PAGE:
In 1848, various nationalities rose in revolt against Habsburg rule, while Austrian Germans themselves sought greater political liberties (and possible union within a greater German nation).

The Habsburgs were pressured into adopting the Kremsier constitution, declaring the various nationalities (and their languages) equal and calling for the formation of a bicameral parliament, the lower house to represent the people, the upper house the various lands.

But this liberal constitution never came into effect. In the historic territory known as the Kingdom of Hungary (the lands of the Crown of St. Stephen), the Magyars (who made up less than 50% of the total population but who had long held a privileged position) proclaimed a constitution in their own Diet. However, nationalists like Louis Kossuth refused the other nationalities those freedoms Hungarians themselves sought. This resulted in resistance on the part of Croats, Serbs, Romanians and Slovaks, and the Habsburgs were finally able to defeat this attempt at creating an independent Hungarian republic.

The Magyars did not give up. For the next two decades, while the Austrian Germans tried to unify the monarchy, the Magyars insisted, not on federalism, but on a Hungary distinct from the other Habsburg lands, and itself centralized and unitary.

After 1866 they got their chance. The Habsburgs were defeated by Prussia and were eliminated from German politics. The weakened Austrian Germans, aware that the Hungarians would if necessary side with the Prussians, in 1867 (the same year as Confederation) agreed to the creation of a dualist political system in which the Hungarians received almost complete independence within their historical frontiers; they would also exercise a role in the larger polity far beyond their numerical or economic strength. None of the other nationalities in either "Austria" (i.e. the non-Hungarian lands of the Habsburgs, whose official name was simply "the kingdoms and lands represented in the Reichsrat [Imperial Council]") or Hungary were consulted. The "ausgleich" was a deal between the Habsburg court and the Hungarian leaders.

The details of the ausgleich are complex, so I will provide only a few of the main points. Three administrative authorities were set up: There was to be a common head of state–Francis Joseph I was now Emperor of Austria and King of Hungary–and a few areas of jurisdiction that would remain under imperial control: the military, foreign affairs (though both parliaments would have to approve international treaties), and a few common financial matters. Three imperial ministries were formed for these. As well, there were certain matters which, while not administered in common, would be regulated jointly upon principles which had to be renegotiated every 10 years: customs legislation, the proportion to be paid by each entity of certain taxes and expenses, a common monetary and postal system, and railway lines affecting both parts of the empire.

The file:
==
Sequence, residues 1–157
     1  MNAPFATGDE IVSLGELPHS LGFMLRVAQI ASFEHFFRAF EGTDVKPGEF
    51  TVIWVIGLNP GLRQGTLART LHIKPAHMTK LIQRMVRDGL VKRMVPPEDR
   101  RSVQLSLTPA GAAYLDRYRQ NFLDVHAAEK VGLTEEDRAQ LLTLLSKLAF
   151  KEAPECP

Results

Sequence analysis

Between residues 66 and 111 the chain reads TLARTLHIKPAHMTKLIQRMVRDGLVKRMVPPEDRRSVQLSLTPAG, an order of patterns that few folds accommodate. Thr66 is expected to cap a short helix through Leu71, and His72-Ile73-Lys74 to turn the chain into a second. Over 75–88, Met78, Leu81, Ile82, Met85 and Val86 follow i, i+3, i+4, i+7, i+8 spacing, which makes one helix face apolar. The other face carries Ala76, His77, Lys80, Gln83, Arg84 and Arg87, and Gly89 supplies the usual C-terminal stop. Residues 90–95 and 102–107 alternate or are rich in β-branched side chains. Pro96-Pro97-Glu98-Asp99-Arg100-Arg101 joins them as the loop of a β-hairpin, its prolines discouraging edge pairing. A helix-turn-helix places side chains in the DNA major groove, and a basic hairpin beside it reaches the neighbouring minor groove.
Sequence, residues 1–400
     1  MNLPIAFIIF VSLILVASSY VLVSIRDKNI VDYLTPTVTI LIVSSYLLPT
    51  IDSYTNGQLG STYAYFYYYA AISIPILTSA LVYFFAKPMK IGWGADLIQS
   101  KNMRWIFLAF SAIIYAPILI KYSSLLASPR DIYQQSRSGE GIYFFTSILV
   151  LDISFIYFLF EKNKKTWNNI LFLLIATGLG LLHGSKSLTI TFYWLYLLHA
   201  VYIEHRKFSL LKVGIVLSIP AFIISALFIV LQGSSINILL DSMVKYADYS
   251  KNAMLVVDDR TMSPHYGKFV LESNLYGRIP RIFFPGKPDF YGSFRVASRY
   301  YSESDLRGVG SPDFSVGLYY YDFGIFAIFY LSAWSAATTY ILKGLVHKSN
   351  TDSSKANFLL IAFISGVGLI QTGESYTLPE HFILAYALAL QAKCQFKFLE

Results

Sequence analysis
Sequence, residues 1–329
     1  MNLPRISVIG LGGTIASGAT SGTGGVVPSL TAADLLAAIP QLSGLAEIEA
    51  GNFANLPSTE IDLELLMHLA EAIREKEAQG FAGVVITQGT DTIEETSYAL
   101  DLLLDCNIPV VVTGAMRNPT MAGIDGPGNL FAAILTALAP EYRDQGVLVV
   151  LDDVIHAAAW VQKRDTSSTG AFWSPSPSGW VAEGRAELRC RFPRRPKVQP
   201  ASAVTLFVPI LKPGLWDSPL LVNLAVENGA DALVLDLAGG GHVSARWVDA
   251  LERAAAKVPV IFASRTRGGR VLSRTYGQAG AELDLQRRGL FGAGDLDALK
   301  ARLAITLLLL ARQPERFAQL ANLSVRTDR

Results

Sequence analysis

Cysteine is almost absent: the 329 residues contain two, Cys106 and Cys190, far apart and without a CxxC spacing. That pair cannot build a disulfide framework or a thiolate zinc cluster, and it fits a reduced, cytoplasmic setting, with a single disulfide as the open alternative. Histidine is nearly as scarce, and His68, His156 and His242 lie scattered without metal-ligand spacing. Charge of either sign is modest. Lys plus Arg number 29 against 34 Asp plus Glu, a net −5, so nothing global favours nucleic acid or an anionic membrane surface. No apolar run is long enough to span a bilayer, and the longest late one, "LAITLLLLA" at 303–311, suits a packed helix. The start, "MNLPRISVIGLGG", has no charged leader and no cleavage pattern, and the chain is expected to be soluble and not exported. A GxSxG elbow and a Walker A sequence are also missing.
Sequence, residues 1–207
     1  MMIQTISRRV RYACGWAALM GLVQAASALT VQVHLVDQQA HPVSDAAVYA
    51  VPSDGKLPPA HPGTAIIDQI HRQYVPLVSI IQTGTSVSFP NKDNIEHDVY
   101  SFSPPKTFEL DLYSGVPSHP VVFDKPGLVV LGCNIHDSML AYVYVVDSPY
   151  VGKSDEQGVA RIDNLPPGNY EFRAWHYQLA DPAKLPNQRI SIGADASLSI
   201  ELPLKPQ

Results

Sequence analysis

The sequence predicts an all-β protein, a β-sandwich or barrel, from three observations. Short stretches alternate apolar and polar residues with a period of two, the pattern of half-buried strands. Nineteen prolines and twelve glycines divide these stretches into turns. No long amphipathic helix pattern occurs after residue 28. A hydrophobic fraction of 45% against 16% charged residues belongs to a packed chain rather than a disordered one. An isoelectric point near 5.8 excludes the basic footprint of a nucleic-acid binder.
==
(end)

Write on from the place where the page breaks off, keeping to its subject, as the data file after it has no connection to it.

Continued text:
In order to deal with such legislation, numerically equal delegations from the two respective parliaments would meet in common once a year, alternately in Vienna and Budapest.

Everything else was now to come under the jurisdiction of Hungary or the lands of the Austrian Reichsrat. Each part of the empire would now have its own constitution, parliament and cabinet (located in Budapest and Vienna, respectively), and official language. There was no common citizenship, nor could either country intervene in the other's domestic affairs.

Austria's constitution, much more liberal than Hungary's, recognized some national and linguistic rights. Within Hungary, despite the enactment of a Nationalities Law in 1868, which on paper allowed minorities to receive education and conduct local governmental affairs in their own language, by 1875 only the Croats retained certain very limited autonomy. The policy would henceforth be one of cultural assimilation: minorities wishing to adopt Magyar culture and language would be accepted, but those wishing to develop their own would be repressed. Magyar was made compulsory in all schools in 1883. By the turn of the century, over 90% of all judges, county and government officials in Hungary were Magyars.

But even within the Austrian lands there was conflict: Germans and Czechs clashed over who "owned" Bohemia: after all, said the German inhabitants, it had been an historic part of the Holy Roman Empire. But, countered the Czechs, these were the lands of the Crown of St. Wenceslaus, as such a Czech entity. These quarrels would extend to matters of language as well, including questions about the use of Czech or German on street signs or on restaurant menus in bi-cultural cities such as Prague.